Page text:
NY judges punish banks that fail to negotiate “in good faith” with distressed homeowners
New York judges are beginning to take a stricter interpretation of the “good faith effort” banks are required to make under a 2009 state law passed to offer support to distressed homeowners, according to the New York Daily News.
The law states that banks must try to negotiate with distressed homeowners so that they can modify the loans and keep their property. But those homeowners are increasingly complaining that they can’t get modifications. Since November, 2009 judges have found at least seven cases where banks, including Wells Fargo, HSBC, Bank of America and Deutsche Bank, failed to act in good faith, and in one case the judge ordered the mortgage debt wiped out (although that was later reversed by an appeals court).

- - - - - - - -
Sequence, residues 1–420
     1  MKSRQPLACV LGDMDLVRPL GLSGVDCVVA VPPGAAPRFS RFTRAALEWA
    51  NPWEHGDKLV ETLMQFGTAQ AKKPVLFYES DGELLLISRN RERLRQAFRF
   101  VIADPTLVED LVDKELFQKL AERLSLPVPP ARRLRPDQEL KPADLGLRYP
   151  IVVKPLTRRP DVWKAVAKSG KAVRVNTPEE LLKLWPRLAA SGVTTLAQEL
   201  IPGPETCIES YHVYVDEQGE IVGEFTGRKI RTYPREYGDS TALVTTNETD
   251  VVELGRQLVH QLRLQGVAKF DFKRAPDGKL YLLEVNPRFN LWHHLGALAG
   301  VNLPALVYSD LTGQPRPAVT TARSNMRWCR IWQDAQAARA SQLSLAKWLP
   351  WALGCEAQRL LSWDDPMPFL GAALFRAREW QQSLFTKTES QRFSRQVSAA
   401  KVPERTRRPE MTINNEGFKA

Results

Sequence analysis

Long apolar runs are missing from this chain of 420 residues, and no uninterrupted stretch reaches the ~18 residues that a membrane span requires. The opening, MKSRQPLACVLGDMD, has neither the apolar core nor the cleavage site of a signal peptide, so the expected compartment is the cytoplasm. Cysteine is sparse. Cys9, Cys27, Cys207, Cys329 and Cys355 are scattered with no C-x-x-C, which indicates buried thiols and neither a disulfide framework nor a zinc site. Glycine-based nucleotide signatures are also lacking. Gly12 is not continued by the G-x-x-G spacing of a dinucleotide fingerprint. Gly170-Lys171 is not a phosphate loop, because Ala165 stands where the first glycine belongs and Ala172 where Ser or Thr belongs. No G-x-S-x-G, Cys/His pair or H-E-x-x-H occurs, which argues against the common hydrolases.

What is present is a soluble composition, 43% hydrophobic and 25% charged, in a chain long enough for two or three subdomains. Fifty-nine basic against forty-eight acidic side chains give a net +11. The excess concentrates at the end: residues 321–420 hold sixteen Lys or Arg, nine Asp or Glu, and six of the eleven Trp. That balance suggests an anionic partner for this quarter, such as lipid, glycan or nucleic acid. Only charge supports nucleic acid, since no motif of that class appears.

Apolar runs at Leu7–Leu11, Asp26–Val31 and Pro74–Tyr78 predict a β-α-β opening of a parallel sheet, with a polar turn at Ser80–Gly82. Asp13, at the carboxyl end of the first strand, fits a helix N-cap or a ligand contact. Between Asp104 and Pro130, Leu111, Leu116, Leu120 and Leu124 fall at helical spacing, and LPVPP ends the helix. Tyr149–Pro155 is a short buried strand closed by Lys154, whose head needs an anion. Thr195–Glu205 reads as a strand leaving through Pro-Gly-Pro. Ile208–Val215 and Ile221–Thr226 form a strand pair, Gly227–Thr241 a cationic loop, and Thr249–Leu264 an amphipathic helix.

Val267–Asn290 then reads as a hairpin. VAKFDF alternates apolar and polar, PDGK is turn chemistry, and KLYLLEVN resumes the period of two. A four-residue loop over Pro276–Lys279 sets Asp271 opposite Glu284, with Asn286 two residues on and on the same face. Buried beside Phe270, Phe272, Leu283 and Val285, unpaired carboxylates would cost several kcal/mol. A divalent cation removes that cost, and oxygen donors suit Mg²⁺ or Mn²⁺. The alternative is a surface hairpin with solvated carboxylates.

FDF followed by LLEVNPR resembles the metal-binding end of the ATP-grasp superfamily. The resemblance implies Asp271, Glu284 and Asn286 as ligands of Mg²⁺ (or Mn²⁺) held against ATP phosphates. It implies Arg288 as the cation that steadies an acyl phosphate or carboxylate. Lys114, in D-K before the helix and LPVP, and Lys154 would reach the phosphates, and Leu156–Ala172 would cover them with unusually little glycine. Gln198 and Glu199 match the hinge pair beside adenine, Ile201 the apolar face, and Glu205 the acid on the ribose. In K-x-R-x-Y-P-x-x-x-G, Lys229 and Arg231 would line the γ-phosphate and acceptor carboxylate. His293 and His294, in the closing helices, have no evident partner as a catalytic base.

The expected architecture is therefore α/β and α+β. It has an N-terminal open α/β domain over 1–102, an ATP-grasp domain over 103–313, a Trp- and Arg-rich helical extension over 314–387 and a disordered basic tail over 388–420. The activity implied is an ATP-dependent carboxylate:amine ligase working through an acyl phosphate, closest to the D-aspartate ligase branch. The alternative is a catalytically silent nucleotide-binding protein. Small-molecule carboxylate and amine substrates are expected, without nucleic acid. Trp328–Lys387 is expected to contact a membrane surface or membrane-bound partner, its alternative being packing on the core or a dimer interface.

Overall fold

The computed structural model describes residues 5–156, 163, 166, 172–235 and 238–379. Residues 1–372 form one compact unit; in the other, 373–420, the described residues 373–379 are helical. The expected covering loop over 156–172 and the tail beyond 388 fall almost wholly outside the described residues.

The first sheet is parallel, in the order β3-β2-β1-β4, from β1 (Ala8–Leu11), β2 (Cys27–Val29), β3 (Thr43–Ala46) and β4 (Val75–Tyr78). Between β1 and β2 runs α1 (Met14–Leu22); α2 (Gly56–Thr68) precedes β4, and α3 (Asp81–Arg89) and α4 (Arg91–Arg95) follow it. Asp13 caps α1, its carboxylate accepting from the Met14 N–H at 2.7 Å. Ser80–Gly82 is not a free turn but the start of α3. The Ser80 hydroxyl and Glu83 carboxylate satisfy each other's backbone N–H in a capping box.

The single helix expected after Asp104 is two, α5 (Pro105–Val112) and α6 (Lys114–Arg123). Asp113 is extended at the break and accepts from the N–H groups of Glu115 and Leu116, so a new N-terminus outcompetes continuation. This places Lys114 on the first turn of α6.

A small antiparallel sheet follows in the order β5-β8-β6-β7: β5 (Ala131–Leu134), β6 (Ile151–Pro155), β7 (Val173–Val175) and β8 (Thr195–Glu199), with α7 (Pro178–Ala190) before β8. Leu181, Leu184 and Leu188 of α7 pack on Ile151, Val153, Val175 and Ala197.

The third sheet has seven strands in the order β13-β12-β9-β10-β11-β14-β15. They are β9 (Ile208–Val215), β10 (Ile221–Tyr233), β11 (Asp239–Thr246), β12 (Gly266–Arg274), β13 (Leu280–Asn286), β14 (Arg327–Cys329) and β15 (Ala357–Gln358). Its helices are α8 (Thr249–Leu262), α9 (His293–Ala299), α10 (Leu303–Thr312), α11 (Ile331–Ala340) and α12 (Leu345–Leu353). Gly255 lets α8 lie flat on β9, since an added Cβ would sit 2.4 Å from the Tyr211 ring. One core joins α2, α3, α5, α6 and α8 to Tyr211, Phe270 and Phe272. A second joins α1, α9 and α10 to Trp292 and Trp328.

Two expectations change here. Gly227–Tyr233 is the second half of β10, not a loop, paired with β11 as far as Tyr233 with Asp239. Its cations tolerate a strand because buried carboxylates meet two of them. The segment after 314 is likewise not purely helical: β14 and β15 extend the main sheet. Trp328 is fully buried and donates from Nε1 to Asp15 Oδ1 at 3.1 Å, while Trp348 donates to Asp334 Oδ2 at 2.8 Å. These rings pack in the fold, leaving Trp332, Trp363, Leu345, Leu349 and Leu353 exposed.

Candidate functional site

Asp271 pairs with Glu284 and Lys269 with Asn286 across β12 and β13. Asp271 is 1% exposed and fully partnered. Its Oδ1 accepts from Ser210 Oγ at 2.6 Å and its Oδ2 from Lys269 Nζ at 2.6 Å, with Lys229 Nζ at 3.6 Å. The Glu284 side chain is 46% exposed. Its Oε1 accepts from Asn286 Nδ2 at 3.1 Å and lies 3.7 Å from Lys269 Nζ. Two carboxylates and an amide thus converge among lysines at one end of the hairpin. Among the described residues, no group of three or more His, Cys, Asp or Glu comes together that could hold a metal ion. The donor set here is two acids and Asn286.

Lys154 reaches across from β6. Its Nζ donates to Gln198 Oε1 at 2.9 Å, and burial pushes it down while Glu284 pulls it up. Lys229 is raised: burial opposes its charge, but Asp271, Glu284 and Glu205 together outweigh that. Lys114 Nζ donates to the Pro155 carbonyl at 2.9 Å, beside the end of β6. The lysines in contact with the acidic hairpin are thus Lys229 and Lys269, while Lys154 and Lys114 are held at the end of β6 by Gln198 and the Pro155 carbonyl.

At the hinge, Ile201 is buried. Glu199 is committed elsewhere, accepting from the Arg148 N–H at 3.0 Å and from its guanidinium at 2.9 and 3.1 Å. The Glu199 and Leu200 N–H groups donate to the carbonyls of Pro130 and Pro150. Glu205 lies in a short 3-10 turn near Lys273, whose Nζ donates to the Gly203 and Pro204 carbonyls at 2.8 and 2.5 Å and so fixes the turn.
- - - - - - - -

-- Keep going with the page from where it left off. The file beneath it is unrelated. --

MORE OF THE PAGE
The banks sanctioned are slow to accept paperwork, ask for extra paperwork, refuse applications without merit or prolong negotiations for more than a year.
“We’re not looking to find banks not negotiating in good faith and we’re not looking to sanction banks,” Judge Herbert Kramer, who sanctioned HSBC and Deutsche Bank in two separate cases, told the Daily News. “We’re looking to get the underlying problem resolved.” [NYDN]